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Passage of British Sign Language Bill sends ‘very clear signal’ to employers

A legal expert has welcomed the news that British Sign Language (BSL) is set to become a recognised language in England, Wales and Scotland, after a Bill with cross-party support received its third reading in the House of Lords.

The BSL Bill, introduced to the UK parliament by Rosie Cooper MP last year, is likely to pass into law following Royal Assent after the government backed the proposed legislation. The Bill was first introduced on 16 June 2021 and passed through the House of Commons on 17 March 2022, receiving unanimous cross-party support. Figures from the British Deaf Association suggest that 151,000 people use BSL in the UK, 87,000 of whom have hearing loss.

Amy Hextell, equality and employment law expert expert at Pinsent Masons, said: “This is very welcome news for the deaf community and users of British Sign Language, and something for employers to embrace as well.”

Once it passes into law, the BSL Act will recognise BSL as a language of England, Wales and Scotland in its own right. Equality law is devolved in Northern Ireland, where both British and Irish Sign Language (ISL) are used, meaning the BSL Act will not apply there. Under the Act, the secretary of state for the Department for Work and Pensions (DWP) will be required to regularly report on what actions relevant government departments have taken to promote or facilitate the use of BSL in their communications with the public.

The Act will also require the DWP to issue guidance, developed together with BSL users, to departments on the promotion and facilitation of the language. The Act will not impose additional duties under the 2010 Equality Act, but is accompanied by a number of non-legislative measures. These include an examination of how the government might increase the number of BSL interpreters in Britain, and a review of how the DWP might work to ensure the Access to Work fund helps BSL signers.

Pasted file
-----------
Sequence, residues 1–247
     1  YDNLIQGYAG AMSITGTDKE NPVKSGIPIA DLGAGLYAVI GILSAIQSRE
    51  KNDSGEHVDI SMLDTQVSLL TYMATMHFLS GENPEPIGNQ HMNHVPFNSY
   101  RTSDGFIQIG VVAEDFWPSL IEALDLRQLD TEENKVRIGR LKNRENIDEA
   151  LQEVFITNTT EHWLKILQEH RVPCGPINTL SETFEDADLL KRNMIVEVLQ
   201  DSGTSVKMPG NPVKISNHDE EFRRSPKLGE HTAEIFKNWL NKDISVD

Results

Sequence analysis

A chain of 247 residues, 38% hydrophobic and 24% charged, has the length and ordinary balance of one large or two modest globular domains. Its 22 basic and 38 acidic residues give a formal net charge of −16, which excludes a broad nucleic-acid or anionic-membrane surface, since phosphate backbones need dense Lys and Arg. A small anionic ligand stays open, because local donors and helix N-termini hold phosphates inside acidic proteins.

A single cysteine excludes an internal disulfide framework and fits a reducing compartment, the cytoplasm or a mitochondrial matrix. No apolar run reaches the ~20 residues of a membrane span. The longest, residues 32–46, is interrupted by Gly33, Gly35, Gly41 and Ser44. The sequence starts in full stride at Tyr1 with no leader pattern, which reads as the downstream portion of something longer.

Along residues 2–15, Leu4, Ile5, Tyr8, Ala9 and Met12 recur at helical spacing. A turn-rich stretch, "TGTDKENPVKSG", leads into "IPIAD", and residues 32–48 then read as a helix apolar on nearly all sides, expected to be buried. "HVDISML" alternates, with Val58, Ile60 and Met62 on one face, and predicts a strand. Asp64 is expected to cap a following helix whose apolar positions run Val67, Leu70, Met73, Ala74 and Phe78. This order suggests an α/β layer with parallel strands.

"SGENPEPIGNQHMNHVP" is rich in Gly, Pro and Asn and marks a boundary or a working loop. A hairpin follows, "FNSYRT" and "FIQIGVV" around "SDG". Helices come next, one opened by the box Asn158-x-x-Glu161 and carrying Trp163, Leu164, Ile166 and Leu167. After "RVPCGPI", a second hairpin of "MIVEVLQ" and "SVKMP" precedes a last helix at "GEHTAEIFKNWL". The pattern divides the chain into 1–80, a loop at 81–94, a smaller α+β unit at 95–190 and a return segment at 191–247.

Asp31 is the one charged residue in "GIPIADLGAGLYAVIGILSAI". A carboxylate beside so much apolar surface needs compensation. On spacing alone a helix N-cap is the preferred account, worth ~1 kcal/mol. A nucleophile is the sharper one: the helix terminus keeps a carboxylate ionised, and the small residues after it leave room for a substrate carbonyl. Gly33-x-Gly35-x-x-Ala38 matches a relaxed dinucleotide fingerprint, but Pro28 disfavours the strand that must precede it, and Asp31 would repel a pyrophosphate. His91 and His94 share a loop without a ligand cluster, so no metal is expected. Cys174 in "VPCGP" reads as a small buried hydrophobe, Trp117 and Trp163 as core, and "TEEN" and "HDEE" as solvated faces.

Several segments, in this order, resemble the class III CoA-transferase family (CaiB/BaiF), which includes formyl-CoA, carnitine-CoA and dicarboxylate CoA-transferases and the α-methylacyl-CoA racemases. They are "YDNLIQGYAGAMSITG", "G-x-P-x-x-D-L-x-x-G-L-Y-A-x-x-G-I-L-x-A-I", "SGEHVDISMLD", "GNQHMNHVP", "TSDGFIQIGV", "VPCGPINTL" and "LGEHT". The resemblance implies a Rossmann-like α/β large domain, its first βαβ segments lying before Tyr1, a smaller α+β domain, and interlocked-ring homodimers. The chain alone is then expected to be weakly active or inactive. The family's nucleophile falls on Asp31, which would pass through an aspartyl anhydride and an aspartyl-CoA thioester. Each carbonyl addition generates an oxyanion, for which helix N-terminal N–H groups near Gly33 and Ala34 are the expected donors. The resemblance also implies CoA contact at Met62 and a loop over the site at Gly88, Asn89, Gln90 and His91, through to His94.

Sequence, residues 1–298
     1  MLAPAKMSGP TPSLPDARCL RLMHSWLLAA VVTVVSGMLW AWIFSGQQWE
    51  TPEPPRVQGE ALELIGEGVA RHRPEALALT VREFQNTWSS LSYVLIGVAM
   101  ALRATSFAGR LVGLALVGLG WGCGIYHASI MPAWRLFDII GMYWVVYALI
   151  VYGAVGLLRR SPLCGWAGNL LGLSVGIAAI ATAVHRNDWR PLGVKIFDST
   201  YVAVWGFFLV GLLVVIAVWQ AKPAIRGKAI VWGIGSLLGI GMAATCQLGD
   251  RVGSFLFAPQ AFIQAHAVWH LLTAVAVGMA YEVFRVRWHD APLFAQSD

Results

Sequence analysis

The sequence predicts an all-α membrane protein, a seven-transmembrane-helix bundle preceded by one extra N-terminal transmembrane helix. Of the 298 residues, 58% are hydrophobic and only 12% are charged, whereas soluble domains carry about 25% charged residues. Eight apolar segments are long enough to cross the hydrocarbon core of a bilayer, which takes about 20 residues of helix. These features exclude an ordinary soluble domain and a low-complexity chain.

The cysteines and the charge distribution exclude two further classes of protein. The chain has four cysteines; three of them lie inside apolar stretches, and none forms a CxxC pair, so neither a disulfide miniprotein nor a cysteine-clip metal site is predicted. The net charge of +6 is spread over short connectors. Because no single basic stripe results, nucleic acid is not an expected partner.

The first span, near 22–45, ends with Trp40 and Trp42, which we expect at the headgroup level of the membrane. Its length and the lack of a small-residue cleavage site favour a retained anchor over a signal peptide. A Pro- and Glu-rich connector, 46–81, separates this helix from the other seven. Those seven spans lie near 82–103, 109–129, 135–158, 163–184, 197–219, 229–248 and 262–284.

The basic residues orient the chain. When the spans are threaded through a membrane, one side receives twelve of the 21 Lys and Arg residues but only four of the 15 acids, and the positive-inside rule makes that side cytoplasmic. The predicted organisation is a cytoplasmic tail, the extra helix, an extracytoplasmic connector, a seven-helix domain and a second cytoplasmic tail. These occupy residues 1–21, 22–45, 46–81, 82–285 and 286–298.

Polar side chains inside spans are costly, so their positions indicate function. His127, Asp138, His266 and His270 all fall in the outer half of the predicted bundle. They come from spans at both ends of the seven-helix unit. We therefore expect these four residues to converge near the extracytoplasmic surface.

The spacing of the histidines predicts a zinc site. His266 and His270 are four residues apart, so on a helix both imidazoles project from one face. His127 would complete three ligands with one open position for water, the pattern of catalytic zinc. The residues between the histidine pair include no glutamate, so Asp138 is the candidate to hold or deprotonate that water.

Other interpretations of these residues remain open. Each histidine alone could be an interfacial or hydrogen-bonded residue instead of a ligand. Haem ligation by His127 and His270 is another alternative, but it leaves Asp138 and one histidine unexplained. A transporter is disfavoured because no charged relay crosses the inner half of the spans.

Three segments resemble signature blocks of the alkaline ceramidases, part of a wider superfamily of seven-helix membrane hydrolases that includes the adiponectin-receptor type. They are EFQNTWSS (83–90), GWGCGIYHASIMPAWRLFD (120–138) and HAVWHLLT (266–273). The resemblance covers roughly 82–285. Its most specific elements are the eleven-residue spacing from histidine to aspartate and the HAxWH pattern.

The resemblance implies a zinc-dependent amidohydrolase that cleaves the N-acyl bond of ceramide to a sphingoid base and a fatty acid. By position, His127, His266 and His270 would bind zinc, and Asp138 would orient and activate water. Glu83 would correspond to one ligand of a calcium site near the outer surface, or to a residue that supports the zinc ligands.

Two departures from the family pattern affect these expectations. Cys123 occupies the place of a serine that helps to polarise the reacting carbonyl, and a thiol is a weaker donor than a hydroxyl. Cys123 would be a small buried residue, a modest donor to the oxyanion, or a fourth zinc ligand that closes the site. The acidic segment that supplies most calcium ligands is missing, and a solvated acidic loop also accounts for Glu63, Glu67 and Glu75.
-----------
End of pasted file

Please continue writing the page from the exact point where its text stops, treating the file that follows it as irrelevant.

Hextell said: “Public sector and quasi-public sector employers are already often subject to the public sector equality duty which requires them to have due regard to the need to eliminate discrimination, advance equality of opportunity and foster good relations between different people when carrying out their duties. While these employers will always have had to ensure that proper account is taken of the views and needs of the deaf community, with BSL being recognised now in England, Wales and Scotland as a language in and of itself, it is a very clear signal that employers are under greater pressure to ensure this.”

She said: “Even for those employers that are not subject to the duty, the increased awareness that this Bill may bring to the challenges that the deaf community can sometimes face and the importance of recognising BSL, means that businesses would be wise to ensure they take time to understand the needs of their deaf employees. For example, employers sometimes fall into the trap of providing information in written English to deaf employees as a means of communicating, without realising that for some, their primary language will be BSL.”

“Ensuring that employees are accompanied to meetings by someone who is able to properly interpret for them is also critical and, again, often overlooked. The Bill requires the DWP to issue guidance on the promotion and facilitation of BSL, which may be useful to employers who should also now be considering how they can ensure that use of BSL is adequately supported and indeed encouraged amongst their workforce,” Hextell said.

Both BSL and ISL were officially recognised as minority languages in Northern Ireland in March 2004. The UK government said it would encourage legal provisions similar to the BSL Bill to be adopted in Northern Ireland in due course.

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